When I started my software quality career a little more than twenty years ago, we worried about things like rendering images on the correct palette for a 256 color display and how the application would perform over a 9600 baud dial-up connection (usually provided by America Online). The company delegated these worries to a team of software testers. They called us the Quality Assurance (QA) Department and gave us titles like Software Quality Assurance Engineer.
Our software shop worked like an old-school assembly line, following a manufacturing model that you can trace all the way back to 1750. At the front door, we had a systems analyst gathering customer needs and converting them into software requirements. At the back door, we had the QA Department, verifying that the finished product actually met those requirements. Imagine inspectors wearing white lab coats and carrying clipboards with stacks of checkboxes and you won’t be far from the truth.
The approach seemed like common sense. Most other shops that I visited worked exactly the same way. Many still work that way today, perhaps thinking that they are doing what makes automobile assembly and food processing plants so successful.
Take the time to visit a successful automobile assembly or food processing plant, and you will find that they stopped following the factory model nearly a century ago. It was too slow, too expensive, and produced too much waste. If the product failed inspection at the end, it got scrapped or sent back to the beginning for rework. Industrial engineers recognized this shortcoming in the 1920s and re-organized their plants to build quality in instead of inspecting defects out.
Of course, there are important differences between software and manufactured goods, but those differences only increase the need to build quality into every step of the process. If a software product is found defective at the end, we don’t lose some fraction of the lot. Rather, we are forced to choose between releasing the defective product or asking our customers to endure a delay as we work the process backwards, find out what went wrong, correct it, start over, and hope that we don’t break something else along the way.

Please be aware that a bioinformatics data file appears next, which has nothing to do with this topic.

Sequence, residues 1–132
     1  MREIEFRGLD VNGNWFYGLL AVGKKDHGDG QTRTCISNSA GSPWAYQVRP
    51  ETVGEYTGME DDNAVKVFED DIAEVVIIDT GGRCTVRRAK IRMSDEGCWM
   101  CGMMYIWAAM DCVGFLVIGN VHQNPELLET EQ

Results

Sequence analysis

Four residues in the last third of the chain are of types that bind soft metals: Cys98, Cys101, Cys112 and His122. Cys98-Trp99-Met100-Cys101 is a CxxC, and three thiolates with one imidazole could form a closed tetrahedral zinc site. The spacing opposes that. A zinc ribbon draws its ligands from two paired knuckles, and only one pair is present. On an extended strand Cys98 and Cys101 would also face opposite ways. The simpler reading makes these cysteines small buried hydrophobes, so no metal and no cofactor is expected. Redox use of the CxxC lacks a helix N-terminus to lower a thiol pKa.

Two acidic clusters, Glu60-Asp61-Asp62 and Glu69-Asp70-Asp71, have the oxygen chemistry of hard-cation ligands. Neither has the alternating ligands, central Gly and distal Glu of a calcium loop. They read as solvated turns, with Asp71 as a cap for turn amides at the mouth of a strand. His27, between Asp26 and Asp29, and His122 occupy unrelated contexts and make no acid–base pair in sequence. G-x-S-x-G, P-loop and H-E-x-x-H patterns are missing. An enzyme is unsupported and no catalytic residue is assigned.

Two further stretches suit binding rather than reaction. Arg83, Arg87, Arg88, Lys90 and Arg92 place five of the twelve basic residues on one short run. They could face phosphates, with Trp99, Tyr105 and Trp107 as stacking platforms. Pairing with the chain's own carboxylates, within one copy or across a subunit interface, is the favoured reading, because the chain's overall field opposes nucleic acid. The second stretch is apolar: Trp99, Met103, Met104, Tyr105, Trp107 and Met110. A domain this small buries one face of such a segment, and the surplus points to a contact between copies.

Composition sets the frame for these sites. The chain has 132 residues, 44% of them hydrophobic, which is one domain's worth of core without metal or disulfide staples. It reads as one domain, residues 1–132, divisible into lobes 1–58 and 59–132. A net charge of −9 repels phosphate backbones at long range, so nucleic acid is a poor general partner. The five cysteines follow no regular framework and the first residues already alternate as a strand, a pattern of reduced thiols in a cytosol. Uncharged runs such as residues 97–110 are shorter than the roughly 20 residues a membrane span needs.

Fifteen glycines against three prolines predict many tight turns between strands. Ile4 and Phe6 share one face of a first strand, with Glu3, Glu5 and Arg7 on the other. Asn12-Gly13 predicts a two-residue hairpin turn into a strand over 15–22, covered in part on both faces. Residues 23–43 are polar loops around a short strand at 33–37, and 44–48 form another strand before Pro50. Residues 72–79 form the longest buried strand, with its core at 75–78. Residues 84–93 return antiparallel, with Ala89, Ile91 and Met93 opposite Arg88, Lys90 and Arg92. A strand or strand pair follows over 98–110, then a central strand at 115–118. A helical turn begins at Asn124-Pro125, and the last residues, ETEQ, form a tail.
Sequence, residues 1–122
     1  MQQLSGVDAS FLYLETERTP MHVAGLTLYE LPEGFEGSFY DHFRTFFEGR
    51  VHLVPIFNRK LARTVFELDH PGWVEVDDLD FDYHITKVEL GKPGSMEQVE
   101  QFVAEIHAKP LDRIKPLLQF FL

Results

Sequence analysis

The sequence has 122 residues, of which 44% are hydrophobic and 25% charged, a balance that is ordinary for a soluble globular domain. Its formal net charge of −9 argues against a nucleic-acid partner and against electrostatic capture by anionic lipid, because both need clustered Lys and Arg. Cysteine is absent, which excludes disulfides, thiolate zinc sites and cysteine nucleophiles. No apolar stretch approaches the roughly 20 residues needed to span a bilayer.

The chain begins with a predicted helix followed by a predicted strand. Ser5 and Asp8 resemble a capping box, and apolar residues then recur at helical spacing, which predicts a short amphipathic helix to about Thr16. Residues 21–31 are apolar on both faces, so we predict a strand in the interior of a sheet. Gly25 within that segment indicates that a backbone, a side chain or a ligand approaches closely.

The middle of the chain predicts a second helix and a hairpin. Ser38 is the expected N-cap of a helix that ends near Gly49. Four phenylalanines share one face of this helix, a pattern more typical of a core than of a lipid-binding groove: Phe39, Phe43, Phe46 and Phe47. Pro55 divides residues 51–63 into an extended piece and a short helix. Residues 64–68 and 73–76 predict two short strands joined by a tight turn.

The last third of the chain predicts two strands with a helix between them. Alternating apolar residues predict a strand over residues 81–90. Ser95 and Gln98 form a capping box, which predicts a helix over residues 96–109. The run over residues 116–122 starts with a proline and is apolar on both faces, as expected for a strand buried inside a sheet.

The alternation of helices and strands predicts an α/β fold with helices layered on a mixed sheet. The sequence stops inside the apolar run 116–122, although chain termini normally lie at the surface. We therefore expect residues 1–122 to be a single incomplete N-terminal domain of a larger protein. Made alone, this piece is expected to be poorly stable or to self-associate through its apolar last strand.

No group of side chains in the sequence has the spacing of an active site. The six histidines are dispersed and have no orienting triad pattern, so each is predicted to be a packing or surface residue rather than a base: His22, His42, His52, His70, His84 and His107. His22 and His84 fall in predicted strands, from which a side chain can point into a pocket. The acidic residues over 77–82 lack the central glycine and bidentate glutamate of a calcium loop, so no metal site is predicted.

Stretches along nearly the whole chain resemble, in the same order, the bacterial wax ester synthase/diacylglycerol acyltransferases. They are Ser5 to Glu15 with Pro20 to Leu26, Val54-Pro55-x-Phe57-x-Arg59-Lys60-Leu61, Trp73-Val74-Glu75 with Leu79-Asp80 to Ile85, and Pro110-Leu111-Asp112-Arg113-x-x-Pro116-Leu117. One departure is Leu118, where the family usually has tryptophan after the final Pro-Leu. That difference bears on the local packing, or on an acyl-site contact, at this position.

Customers choose CyberGRX because they take third-party risk management seriously. They have every right to expect the tools we provide to perform correctly every time. They also have the right to expect that we will continue to expand and improve those tools to meet more of their needs. To meet those quality expectations, we harness all of our product development staff rather than depending on a single QA department. Everyone builds quality into the product at every stage through the disciplined application of modern software development practices, delivering each part along with the assurance that it was built correctly.
We still have the team of inspectors, but we call them System Test rather than Software Quality. They start with the assumption that quality was built into all of the parts. Their job is to check the whole for unexpected behaviors that can emerge from integrating a system as complex as ours. We call them software testers rather than QA engineers to reflect what they actually do and to eliminate the implication that they bear special responsibility for quality.
When we ditched our QA department in favor of System Test, we did not simply change a name. We shifted responsibility for the quality of our software components upstream and limited the scope of inspection downstream, reducing the risk of discovering defects late in the process and maintaining control over the delivery schedule. It’s 2018. We have learned a thing or two since the days of AOL dial-up. With monitors that can display millions of colors, we don’t worry about palettes either.